2. Data literacy is emerging as an essential skill.
Data is all around us. It’s in the news, reporting on the latest trends in COVID cases, and it’s in our classrooms, in the form of metrics gathered by the very edtech products we’ve rolled out over the past few years.
One example: In the early days of the pandemic, various sources circulated sometimes confusing, often conflicting guidelines about how to adjust our behaviors as conditions changed. What were these guidelines based on and why did they lead to such a range of interpretations?
As renowned economist Emily Oster pointed out in her SXSW EDU session, The Power of Data and Its Limits, when we don’t understand where data comes from, we tend to fill in the holes with our emotions. Today’s students should be equipped with the skills to understand where data like this comes from and how to best interpret it.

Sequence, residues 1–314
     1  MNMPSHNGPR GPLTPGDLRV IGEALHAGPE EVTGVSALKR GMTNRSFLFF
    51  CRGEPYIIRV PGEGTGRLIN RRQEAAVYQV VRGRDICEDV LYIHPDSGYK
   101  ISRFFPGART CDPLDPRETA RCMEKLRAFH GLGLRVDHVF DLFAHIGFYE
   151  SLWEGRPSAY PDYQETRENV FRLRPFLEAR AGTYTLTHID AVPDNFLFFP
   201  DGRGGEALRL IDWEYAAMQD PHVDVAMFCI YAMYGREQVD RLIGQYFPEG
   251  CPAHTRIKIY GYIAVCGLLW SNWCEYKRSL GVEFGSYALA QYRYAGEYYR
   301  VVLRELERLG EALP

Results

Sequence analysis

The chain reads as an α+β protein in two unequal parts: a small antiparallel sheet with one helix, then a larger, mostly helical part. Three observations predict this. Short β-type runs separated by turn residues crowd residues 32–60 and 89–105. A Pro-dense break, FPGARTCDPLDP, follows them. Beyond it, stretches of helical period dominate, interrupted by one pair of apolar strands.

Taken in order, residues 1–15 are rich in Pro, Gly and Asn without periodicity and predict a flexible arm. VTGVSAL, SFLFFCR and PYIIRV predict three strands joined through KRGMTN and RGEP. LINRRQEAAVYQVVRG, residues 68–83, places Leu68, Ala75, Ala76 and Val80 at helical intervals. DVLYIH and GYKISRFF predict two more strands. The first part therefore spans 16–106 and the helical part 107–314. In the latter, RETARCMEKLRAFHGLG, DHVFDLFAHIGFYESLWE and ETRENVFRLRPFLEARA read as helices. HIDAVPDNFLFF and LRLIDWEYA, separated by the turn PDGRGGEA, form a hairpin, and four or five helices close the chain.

Data literacy doesn’t need to be complex! Everyone – regardless of age or background – should be able to engage with data and science. Even younger students can collect and interact with data in simple ways, such as posting stickers on a sheet of large paper to form a colorful histogram or asking their classmates their favorite color and tallying the results.
3. Rethinking teachers’ roles to bring the joy back to teaching.
It’s no secret that many teachers are finding less joy in their jobs these days. One reason for this is that teaching looks much the same as it has for more than a century – even as the world around us has evolved. The traditional model of one teacher in front of a room of students dates back to the Industrial Era, when schools were designed to train students for factory jobs.
But this model no longer aligns with today's careers, where competencies like critical thinking, communication, global collaboration and other soft skills are becoming essential.